Showing posts with label storefront. Show all posts
Showing posts with label storefront. Show all posts

Tuesday, November 19, 2013

Codes Changes Creating a Cladding Mess

If you’re a glazing contractor or a building envelop contractor; an estimator or project manager, you’ve probably tried to size your storefront and curtain wall members off of a wind design pressure.  

The wind design criteria are usually given on the contract structural drawings.   Sometimes design wind pressures for components and cladding are given as well.  However, the changes with the 2012 IBC have created much confusion regarding the actual design pressures to be used.

Many times the components and cladding pressures listed on the structural drawings are given in terms of “Ultimate strength design”, which is not used in any of the wind load charts given by manufactures.   Using these pressures will ultimately lead to overly conservative design.

Designers need to be able to calculate the allowable strength design loads from the information given off of the structural drawings.

If you have a question about what is on a structural drawing, give us a call.   

Stewart Jeske

Saturday, July 16, 2011

Be Careful With Manufacture Storefront Design Charts

Design wind load charts put out by manufactures are usually only good for estimating overall span deflection of a mullion, and do not typically consider proper methods for stress design.

The 2010 Aluminum Code has new criteria for considering the unbraced length of open sections. The unbraced length for a vertical mullion is usually considered to be the distance between horizontal mullions. However, design wind load charts put out by many manufactures of storefront systems are often based on the assumption that the mullion has full lateral buckling support and an unbraced length of zero. How can this be?

I believe that the manufacturers are considering lateral bracing from the glass and the mechanical gaskets. However, after review of many industry specs it is clear that mechanical gaskets should not be considered as a means of lateral bracing for open shaped storefront mullions. Therefore, the charts error on the side of being too liberal. When it comes to the calculations, they can’t match up and the mullions usually don’t perform as well as the charts indicate.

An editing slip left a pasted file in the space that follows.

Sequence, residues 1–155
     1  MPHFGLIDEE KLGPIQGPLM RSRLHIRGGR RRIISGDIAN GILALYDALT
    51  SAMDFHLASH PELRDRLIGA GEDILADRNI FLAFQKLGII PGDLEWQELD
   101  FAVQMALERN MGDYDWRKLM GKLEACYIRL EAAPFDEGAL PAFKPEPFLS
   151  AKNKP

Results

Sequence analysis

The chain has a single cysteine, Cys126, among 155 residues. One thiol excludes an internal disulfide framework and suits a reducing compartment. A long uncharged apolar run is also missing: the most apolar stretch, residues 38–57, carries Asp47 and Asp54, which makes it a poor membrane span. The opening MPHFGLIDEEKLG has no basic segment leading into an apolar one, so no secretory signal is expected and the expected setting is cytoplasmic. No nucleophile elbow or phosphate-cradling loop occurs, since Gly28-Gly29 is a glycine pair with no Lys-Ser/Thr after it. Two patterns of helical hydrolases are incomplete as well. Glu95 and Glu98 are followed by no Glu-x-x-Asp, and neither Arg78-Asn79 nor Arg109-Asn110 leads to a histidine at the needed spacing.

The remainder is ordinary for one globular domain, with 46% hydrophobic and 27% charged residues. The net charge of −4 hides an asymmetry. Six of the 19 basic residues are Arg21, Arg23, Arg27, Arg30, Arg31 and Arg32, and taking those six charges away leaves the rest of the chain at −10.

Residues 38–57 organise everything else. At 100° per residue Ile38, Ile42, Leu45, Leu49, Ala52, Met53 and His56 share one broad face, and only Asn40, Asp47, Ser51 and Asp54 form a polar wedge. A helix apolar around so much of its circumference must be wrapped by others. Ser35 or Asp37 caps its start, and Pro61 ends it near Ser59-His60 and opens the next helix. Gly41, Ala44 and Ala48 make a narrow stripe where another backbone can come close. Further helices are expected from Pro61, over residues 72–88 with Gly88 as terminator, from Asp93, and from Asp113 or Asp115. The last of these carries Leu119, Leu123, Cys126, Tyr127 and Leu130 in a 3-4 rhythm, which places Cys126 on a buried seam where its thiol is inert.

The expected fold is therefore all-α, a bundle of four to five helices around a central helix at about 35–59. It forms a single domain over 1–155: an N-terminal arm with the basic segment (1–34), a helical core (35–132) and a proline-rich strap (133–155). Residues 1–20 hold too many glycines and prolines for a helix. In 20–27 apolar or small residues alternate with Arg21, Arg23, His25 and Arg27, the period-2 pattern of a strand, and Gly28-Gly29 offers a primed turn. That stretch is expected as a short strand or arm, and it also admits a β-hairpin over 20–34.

Unfortunately, it’s in the interest of the manufactures to keep the charts the same because they are competing against one another for framing systems with the highest performance standards.

Glaziers should keep this in mind when selecting open shaped vertical mullions and stay well under the curve projections that are indicated. If glaziers use the charts, as is, reinforcing structural glazing or heavier mullions will likely be needed.

Automatic Sliding Doors Have Operational Limitations

It’s important for glazing contractors to get information from the automatic sliding door manufacturers, in advance, on operational limitations for their systems. 

Some automatic door manufacturers have stringent criteria on how much the supporting header and jambs can deflect from wind load and how much can be supported vertically on top of the header.

Sunday, November 21, 2010

How experience for design calculations saves time and money

Some glazing contractors don’t budget enough for appropriate engineering calculations (structural calcs) on projects. Those who do, understand the value of industry expertise. Some glaziers brag, “I’ve got a guy that does it on the side.” The truth is, a structural engineer with industry experience will save you time and money.

Structural engineers with glazing system experience are familiar with industry manufactures and have worked with their components and framing, so you’ll end up with system components and anchors that will work. An experienced engineer will always look at the boundary joints to make sure that excessive movement will not compromise the joint water barrier. In addition, years of experience usually results in a quick turn around using better software, specifically for aluminum curtain wall and storefront design.

Experts in aluminum code won’t over design your project. Aluminum design is specialized and requires adherence to the complex 2010 Aluminum Design Manual. This 469 page book larger is larger than the steel code! Few engineers ever pick up aluminum design, due to it’s specialization. University curriculums for structural engineers focus on steel, concrete and CMU. Aluminum is never used in the design of building or bridge structures so most structural engineers just don’t come across it in their everyday work. This type of experience is essential if you want your glazed system to work without problems for years to come.

So next time you need design calculations, hire experience. You’ll save money in the end.